Let’s address the elephant in the room first: the dormancy of the blog. I have ideas for blog posts but limited time in which to write them. I don’t want to sacrifice on quality by sticking to a schedule so for the coming months, the blog will probably be responsive and reactive (i.e. writing about stuff as it comes to me based on discussions on forums and elsewhere) as opposed to writing about something new every X days/weeks.
Today’s post started out as a response to a thread by @Raphael in which the following question was posed: Which IBCs/LLCs do Georgian Banks go with? What started out as a short answer because a small treatise and I decided to share it here instead.
With the usual caveat that everything varies depending each unique situation and there’s no silver bullet approach – many banks will accept precisely any non-sanctioned jurisdiction for the right amount of money and risk profile.
Having read, reviewed, and even written dozens of compliance manuals for banks and other financial institutions (payment processors, e-money) and financial and corporate service providers, it’s apparent that nations are not equal. To financial service providers, some nations are preferred over others.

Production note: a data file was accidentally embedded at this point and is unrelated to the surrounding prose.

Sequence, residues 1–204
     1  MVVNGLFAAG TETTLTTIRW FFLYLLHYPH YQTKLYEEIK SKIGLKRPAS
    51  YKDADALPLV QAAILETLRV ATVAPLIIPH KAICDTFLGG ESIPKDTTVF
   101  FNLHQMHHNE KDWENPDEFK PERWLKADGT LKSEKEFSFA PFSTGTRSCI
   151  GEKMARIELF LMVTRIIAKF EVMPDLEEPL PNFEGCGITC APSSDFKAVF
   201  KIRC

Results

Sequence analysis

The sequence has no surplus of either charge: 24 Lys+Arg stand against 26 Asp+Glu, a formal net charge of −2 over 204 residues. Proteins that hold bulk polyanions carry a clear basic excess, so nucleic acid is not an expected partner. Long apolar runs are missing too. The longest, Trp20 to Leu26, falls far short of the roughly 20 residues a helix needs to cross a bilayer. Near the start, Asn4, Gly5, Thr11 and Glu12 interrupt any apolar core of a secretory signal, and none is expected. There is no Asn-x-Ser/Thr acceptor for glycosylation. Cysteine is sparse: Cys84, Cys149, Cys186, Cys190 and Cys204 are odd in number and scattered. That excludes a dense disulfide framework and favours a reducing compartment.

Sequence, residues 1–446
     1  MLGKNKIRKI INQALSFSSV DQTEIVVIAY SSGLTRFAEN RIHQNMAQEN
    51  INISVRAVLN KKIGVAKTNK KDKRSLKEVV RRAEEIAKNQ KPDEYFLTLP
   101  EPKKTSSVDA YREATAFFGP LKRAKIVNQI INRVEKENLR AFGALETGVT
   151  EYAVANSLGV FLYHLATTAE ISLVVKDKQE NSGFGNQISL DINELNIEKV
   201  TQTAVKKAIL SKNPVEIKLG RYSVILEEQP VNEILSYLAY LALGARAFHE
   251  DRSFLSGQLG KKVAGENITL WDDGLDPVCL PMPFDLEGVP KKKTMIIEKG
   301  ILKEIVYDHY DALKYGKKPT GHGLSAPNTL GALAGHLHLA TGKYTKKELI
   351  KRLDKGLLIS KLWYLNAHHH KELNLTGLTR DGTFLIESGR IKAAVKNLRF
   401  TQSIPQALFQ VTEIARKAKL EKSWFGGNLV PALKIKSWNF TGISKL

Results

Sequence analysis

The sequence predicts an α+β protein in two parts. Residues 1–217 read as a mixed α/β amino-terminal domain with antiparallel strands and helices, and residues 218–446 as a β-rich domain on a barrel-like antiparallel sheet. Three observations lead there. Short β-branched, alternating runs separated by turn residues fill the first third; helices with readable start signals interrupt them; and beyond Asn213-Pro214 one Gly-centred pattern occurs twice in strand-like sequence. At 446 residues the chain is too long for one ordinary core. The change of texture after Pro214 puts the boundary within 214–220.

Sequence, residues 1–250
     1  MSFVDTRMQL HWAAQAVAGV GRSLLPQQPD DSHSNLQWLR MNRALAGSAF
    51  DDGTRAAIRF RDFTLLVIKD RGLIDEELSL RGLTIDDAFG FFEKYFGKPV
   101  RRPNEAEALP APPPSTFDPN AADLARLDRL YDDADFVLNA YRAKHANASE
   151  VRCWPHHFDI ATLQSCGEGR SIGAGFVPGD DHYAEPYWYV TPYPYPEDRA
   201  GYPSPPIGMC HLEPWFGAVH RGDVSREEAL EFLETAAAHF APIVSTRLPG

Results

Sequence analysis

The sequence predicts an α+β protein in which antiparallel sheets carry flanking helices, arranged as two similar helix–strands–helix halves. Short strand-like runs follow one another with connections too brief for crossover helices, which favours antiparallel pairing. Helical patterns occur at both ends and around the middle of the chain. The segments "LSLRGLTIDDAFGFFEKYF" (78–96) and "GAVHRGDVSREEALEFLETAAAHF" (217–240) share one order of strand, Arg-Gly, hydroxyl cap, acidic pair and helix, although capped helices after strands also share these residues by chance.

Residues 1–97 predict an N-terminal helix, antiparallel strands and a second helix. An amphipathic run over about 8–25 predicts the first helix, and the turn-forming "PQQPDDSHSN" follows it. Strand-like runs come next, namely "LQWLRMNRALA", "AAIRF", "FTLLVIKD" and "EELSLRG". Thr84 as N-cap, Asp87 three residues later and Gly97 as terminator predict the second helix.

There are, by and large, five categories of jurisdictions. This refers to jurisdiction of incorporation, residence and citizenship (UBO, share holders, directors), banking, and even things like operations, customers, warehousing, web hosting, suppliers, and business partners. These categories are based on a a lot of different factors such as wealth, social and political stability, and international perception.
In this article, I will present these categories and the jurisdictions that go in them.
I’ll be painting with a broad brush here. Regional, political, cultural, economical, and other variations apply. There are also internal rankings. Some jurisdictions in a category can be favoured over others. As an example, Bulgaria falls into the Trusted category because it’s an EU jurisdiction, but there is no shortage of default suspicion against Bulgarian entities or persons.
While the categories may seem Eurocentric or Western-centric, what I’ve pieced together here is from businesses across the globe. A bank in Namibia isn’t more trusting of Nigeria than a Dutch bank might be.
Arguably, there aren’t five categories. There are only three: highly respected (Trusted), Tolerated, and Garbage. My inclusion of Familiar and Unknown are in the case of the former a middle-ground between Trusted and Tolerated and in the case of the former, somewhere between Tolerated and Garbage.